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A major concern in modern smart-phones and hand-held devices is a way of mitigating the time interval error (TIE) perceived at high-speed digital transits along the traces of the circuit-board (rigid and or flexible) used in baseband infrastructures. Indicated here is a way of adopting a planar fractal inductor configuration to improvise the necessary time-delay in the transits of digital signal phase jitter and reduce the TIE. This paper addresses systematic design considerations on fractal inductor geometry commensurate with practical aspects of its implementation as delaylines in the high-speed digital transports at the baseband operations of smart-phone infrastructures. Experimental results obtained from a test module are presented to illustrate the efficacy of the design and acceptable delay performance of the test structure commensurate with the digital transports of interest.

In the context of the state-of-the-art smart-phones and other mobile/hand-held devices, the data bit-rates adopted at baseband levels could be significantly high (~500 Mbps); and, such streams of high-speed bits are often transferred between chips and/or various circuit nodes during baseband signal-processing, for example, between an image-sensor and an image sensor processor (ISP). To negotiate such transfers, numerous copper-traces are envisaged at the board-level formed either on a single surface or in multiple board/flex stacks. Normally, such trace-lines are of different lengths so as to accommodate ad hoc interconnections and digital transits between the pins across any two devices placed at distinct locations on the board. Further, several of these lines may run almost parallel to each other with jagged tracks. An example of such a track is illustrated in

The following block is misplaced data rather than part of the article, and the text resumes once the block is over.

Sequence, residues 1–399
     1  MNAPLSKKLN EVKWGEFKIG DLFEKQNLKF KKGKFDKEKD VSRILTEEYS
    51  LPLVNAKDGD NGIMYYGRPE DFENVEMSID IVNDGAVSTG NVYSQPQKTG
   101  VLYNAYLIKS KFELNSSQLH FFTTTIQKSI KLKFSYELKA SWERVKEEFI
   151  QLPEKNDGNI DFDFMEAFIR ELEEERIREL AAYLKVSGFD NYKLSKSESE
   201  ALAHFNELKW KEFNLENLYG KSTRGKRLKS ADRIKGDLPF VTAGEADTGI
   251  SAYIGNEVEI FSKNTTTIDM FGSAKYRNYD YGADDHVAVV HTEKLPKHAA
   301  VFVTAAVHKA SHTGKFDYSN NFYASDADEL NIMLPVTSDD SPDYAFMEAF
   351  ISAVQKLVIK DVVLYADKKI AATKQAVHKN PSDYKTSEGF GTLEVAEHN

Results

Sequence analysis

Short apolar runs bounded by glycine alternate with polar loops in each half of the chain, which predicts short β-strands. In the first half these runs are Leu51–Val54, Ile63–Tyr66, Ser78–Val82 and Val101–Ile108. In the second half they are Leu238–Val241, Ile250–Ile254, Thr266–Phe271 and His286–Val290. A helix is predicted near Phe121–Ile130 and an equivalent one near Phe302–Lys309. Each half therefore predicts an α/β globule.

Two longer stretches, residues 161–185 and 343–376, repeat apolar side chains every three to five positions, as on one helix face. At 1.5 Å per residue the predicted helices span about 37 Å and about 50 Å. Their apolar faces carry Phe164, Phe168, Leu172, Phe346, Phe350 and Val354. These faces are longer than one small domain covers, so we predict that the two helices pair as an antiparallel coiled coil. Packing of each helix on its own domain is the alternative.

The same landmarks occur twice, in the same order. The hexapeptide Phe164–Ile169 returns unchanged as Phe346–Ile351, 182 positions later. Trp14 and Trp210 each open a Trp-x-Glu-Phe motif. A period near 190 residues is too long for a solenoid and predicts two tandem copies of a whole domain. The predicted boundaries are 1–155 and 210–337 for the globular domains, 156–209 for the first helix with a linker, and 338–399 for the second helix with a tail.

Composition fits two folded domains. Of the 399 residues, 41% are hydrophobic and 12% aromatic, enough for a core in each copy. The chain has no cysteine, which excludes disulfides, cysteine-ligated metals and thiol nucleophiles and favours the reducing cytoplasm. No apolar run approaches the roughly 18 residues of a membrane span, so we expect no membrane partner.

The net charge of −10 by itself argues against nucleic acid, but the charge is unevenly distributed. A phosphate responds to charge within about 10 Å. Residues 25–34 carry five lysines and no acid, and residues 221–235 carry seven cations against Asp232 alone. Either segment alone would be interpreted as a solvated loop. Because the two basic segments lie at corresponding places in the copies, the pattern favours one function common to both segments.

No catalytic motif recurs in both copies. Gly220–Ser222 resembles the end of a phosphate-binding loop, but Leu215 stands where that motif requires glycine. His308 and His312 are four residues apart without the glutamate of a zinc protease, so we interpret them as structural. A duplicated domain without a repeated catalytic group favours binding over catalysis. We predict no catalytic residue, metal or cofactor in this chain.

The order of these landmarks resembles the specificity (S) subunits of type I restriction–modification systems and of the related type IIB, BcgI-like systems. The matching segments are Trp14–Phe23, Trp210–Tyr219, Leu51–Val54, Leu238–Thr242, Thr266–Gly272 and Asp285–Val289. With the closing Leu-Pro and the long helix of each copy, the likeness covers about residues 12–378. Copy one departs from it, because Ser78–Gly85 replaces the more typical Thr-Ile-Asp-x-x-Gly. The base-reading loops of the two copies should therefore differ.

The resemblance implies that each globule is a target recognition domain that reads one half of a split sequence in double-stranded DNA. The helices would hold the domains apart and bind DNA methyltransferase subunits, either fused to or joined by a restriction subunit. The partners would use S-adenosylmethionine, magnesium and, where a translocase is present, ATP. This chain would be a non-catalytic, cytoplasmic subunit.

As a result of varying physical lengths of the traces, the digital bits transported from one end on any given trace will arrive at the pin of signal destination (terminated on the chips in question) with a specific extent of transmission-line dependent delay. However, this delay could be distinctly variable in each of the traces due to varying path-lengths involved and varying bit-rates of information transmitted. That is, the observed delay is specific to each line-length as defined by the associated line-parameters namely, the inductance and the capacitance per unit length and the digital signature of the information communicated. The resulting data dependent jitter (DDJ) [